Unfortunately, my mother was not one of the lucky ones. Her confidence and faith in this false Gospel ultimately cost her her life. After more than a decade of programming her mind to believe and think the Prosperity Gospel way of life she lost her battle with cancer. By refusing medical attention, she sealed her fate, but the programming she had acquired from Kenneth and Gloria Copeland proved strong all the way to her last breath. A diary she left behind revealed the horrific tale of her life from 1992–2002, the top of each page titled with Kenneth Copeland, Gloria Copeland or BVOV [Believers Voice of Victory—Copeland’s Internet TV “station”]. . . . The use of miraculous healing confessions and newly found wealth testimonies are their sales pitch. Sadly, my mom among many others are proof that their sales pitch works.

When all is said and done, perhaps [it] will be tagged not as the Prosperity Gospel, but the false Gospel.18

Preaching a Prosperity Gospel is not the only way to take advantage of trusting people. For months, in 2011, doomsday was yet again prophesied—this time to occur on May 21st, 2011. It never happened, of course. The “prophet” this time was the Reverend Harold Camping, from Alameda, California.

If such foolishness were treated as just that, we could dismiss it with a few jokes and end-of-the-world parties. But it’s not. Many people take doomsday predictions seriously. Camping’s national promotion through billboards and other media resulted in people inflicting great harm on themselves and others. Some liquidated their assets to donate money to publicize the event, or incurred heavy debt to finance purchases and vacatis in the expectation that they would be gone to Glory on May 22nd, or they quit their jobs; some even killed themselves and/or their loved ones to avoid the post-Rapture Tribulation.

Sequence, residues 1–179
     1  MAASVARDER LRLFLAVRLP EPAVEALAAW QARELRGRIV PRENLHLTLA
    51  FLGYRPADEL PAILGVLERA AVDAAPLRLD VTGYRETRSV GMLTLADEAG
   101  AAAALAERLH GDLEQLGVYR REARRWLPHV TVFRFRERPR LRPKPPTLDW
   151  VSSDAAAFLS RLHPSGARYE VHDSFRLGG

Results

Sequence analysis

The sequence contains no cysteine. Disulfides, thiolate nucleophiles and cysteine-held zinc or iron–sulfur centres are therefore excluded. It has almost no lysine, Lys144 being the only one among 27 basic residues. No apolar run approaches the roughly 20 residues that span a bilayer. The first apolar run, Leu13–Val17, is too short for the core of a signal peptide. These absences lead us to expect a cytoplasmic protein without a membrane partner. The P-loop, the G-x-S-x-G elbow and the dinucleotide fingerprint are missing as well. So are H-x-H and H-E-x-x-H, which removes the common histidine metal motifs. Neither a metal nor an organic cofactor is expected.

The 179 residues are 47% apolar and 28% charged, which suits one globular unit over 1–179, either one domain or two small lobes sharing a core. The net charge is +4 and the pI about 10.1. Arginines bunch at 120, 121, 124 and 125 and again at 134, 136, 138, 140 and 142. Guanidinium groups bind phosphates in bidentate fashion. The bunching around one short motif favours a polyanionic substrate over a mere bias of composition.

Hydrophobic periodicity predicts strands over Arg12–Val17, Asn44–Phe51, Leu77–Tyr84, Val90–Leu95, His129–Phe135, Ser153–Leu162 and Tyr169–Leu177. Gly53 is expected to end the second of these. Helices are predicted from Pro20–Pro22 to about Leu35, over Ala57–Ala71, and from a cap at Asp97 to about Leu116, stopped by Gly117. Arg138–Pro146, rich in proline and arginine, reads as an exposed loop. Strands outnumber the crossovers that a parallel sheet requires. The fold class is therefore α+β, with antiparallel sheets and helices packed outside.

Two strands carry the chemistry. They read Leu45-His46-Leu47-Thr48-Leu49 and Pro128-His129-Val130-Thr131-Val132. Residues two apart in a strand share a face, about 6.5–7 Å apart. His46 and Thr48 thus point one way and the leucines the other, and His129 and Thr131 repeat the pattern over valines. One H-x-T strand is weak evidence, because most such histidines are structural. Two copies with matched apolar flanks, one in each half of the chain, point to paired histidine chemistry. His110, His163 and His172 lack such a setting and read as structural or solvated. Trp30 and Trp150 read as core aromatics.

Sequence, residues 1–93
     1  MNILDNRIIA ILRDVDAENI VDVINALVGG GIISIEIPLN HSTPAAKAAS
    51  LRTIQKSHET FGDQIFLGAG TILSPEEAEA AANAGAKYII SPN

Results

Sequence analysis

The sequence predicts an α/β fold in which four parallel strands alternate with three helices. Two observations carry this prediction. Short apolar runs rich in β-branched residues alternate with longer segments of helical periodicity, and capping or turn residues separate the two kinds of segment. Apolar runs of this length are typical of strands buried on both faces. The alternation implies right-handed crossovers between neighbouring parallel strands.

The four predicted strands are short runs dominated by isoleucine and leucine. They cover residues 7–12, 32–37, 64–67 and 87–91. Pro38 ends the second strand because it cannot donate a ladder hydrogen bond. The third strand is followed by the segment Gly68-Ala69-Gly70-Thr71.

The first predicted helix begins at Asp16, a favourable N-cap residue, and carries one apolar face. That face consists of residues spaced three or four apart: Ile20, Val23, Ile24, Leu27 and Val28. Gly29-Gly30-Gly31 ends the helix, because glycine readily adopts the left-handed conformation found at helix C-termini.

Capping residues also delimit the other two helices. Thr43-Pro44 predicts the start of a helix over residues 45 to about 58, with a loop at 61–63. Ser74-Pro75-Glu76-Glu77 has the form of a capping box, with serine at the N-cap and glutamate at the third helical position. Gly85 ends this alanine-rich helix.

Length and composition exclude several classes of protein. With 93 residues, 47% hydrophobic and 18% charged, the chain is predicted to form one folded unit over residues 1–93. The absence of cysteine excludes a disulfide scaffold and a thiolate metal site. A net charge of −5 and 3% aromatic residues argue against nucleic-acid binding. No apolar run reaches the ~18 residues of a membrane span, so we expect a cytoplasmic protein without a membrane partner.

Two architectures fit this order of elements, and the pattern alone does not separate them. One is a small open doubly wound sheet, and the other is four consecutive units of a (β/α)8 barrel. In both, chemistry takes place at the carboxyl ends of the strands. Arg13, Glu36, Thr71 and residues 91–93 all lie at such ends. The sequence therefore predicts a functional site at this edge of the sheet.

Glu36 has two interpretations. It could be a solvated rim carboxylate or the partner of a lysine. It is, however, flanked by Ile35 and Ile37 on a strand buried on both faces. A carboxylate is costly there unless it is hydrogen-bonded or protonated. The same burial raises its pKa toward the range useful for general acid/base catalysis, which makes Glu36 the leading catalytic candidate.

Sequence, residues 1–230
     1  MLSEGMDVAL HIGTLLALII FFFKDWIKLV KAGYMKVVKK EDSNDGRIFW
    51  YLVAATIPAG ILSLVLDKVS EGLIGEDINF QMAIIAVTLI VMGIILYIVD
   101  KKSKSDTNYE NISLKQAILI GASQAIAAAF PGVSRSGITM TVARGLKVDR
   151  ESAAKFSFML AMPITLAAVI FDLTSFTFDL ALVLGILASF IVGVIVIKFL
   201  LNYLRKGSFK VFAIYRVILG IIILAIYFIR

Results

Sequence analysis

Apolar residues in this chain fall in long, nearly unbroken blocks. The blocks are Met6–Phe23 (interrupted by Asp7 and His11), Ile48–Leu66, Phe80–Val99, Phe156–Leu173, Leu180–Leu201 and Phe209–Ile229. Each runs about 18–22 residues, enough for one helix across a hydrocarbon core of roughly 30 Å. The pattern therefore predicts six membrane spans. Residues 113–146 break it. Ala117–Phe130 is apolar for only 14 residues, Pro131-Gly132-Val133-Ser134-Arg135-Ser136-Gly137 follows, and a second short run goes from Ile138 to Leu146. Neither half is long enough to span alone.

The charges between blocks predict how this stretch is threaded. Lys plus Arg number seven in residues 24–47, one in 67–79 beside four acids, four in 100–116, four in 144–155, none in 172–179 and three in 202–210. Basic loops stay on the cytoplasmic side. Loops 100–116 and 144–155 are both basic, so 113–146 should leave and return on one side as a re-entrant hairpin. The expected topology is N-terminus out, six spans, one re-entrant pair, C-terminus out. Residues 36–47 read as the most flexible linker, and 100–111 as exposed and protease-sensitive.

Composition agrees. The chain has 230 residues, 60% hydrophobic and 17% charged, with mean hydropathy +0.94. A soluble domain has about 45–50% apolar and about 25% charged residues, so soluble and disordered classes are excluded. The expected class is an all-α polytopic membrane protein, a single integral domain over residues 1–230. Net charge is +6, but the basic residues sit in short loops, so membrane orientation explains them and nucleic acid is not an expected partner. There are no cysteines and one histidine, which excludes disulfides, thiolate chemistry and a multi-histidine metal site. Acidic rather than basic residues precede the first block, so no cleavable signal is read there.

Camping’s tax-exempt organization, Family Stations, a multi-million-dollar radio enterprise, promoted Camping’s doomsday prophesies, and it in turn was supported by donations. But Camping made no personal preparations for being Raptured. And he certainly wasn’t among those who liquidated their assets. This sort of thing happens every time someone promotes a doomsday scenario.19

At the very least, it is difficult to see what justifies preferential tax treatment for Camping.


12. “Deficit: Religious coalition says state should raise taxes and increase spending,” by Dennis J. McGrath, Minneapolis Star Tribune, March 3, 1992.
13. “Legislators, there is no magic number,” (op-ed piece) by Brian Rusche, Minneapolis Star Tribune, June 7, 2011.
14. “Immigration: Faith leaders call for compassion,” (op-ed piece) Minneapolis Star Tribune, April 16, 2011.
15. Minneapolis Star Tribune: “Graham Association won’t reveal finances to avoid rich image,” 6-25-77; “Graham admits Association has secret $22.9 million fund,” 6-27-77; “North Carolina paper says Graham Association worth $23 million,” 6-27-77.
16. “A recession-proof gospel of giving,” by Rose French, Minneapolis Star-Tribune, Sept. 24, 2011, p.A1.
17. See
18. “Kenneth Copeland-Godfather of ‘Prosperity Gospel’? Why Not Comply with Grassley?” at
19. “FFRF calls for fraud probe into Rapture campaign,” news release distributed by Freedom From Religion Foundation, June 1, 2011. See